The ceremonial onavillu, which is not a musical instrument, is made from a flat piece of wood 1.27 cm or 1/2 inch thick, tapering on both sides. Sizes may range from 106.6 cm / 3.5 feet in length by 10.16 cm / 4 inches in width; 137.1 cm by 4.5 feet. The wood of kadambu, maruthu, jack fruit tree and aanjili trees are preferred [See List of Indian timber trees].

The wood is cut to the required dimension before being decorated with miniature paintings of Anantha Sayanam [reclining pose of Lord Vishnu] and avatars Dasavatharam, Shri Rama Pattabhishekam and Shri Krishna Leela. Ashari family residing near Pujapura Trivandrum are the right to make the red tassels used to adorn the bows; The making of the ceremonial bows is the preserve of a local family.

Ceremonial Usage: On Thiruvonam day, the birthday of Lord Maha Vishnu, large number of devotees visit the Sri Padmanabha Swamy temple in Thiruvananthapuram, Kerala, India to take part in the onavillu charthal, the dedication ceremony of the colourful bows. The temple is one of the 108 sacred temples dedicated to Lord Mahavishnu.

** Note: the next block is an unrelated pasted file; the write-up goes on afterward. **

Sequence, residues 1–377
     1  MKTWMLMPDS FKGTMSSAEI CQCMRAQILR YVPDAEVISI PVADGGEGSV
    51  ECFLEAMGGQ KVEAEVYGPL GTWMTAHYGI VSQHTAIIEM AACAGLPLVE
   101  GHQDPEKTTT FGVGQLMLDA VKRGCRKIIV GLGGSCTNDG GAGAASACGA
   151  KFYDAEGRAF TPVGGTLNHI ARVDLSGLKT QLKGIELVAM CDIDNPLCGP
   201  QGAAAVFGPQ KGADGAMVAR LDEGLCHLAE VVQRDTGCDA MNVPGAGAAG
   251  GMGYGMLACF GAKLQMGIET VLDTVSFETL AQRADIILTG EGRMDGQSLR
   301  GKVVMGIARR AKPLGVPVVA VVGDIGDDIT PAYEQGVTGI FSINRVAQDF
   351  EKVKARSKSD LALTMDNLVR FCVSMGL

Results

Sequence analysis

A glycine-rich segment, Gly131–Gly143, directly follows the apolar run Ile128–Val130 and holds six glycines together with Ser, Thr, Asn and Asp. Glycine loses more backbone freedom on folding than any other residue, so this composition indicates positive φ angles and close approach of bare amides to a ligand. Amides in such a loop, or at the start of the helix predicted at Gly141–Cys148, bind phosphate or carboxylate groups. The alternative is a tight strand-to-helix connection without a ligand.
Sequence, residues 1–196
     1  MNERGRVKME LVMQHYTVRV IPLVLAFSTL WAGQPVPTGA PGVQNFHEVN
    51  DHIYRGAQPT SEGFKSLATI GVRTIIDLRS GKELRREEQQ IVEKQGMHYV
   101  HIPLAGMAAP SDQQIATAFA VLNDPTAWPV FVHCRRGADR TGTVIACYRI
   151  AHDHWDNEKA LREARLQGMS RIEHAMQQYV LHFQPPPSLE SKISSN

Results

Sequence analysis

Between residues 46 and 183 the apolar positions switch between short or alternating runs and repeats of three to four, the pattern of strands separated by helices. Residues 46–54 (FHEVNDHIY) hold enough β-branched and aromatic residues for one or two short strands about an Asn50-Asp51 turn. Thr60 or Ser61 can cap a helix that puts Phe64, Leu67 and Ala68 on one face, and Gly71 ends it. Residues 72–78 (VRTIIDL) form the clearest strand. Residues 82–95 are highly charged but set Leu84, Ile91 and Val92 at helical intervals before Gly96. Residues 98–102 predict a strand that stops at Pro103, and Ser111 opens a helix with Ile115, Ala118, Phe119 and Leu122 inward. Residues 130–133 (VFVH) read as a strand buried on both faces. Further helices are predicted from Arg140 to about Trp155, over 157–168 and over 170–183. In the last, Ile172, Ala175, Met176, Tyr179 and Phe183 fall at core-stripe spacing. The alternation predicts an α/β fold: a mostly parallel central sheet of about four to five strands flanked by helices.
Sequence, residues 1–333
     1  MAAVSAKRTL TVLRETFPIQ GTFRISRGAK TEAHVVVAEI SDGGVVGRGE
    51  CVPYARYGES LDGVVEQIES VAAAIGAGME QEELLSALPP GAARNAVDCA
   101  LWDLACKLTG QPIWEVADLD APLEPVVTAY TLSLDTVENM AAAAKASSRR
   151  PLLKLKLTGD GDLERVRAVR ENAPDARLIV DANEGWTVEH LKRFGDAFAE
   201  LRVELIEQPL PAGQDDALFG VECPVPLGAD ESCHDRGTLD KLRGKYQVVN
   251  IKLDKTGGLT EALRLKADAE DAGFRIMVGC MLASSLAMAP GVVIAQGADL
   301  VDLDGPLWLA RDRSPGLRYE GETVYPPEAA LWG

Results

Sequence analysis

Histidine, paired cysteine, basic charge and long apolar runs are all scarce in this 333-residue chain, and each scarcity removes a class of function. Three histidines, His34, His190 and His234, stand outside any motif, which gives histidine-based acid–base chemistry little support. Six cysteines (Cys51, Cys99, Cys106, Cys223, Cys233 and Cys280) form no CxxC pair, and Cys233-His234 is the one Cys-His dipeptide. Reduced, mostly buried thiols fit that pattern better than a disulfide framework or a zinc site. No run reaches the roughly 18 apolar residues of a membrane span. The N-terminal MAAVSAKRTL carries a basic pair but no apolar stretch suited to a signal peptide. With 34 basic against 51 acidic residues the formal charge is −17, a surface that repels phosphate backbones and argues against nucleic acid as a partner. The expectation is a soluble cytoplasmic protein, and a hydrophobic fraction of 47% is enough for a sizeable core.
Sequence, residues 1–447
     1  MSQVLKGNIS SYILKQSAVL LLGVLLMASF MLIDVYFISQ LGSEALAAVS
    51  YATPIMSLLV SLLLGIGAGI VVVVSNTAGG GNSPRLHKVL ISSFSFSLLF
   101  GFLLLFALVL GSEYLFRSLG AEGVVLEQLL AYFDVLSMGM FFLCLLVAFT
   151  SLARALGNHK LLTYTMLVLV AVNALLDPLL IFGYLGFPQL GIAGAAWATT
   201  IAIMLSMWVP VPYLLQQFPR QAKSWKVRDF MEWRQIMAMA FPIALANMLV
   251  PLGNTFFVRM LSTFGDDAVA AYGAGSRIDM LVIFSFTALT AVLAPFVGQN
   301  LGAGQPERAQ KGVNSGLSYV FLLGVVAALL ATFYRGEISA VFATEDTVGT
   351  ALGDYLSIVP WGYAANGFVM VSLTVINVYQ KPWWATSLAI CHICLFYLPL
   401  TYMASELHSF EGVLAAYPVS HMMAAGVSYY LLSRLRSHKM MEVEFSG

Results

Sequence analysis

The bows are first offered to the family deity at the Vilayil Veedu, Karamana for three days. They are then taken to Sri Padmanabha Swamy temple on Thiru Onam day and displayed at the Natakasala before being offered to the deity.

The Anantha Sayanam version of the villu is consecrated to Lord Padmanabha [Vishnu]; the one with the Dasavathram painting is offered to Lord Narasimha; the one showing the Krishna-leela is dedicated to Lord Krishna; the one with the painting of Shri Rama Pattabhishekam is consecrated to the idol of Shri Rama. The onavillu are removed on the third day. The Temple Trust distributes the onavillu to devotees, who consider them a symbol of prosperity.

Citations: Bibliography: Websites: YouTube Video / Onavillu Family In Malappuram

Rajao

Name: Rajao.
Type: Chordophones > Lutes.
Hornbostel-Sachs No#: 321.322.5
Courses: Four / Five Strings.
Country: Madeira Portugal.
Region: Iberian Peninsula > Western Europe.

Description: The rajão [in Portuguese: machete de rajão] is a 5-stringed instrument from Madeira, Portugal. The instrument traces back to the country’s regional folk music, where it is used in folklore dances of Portugal in addition to other stringed instruments from the same region.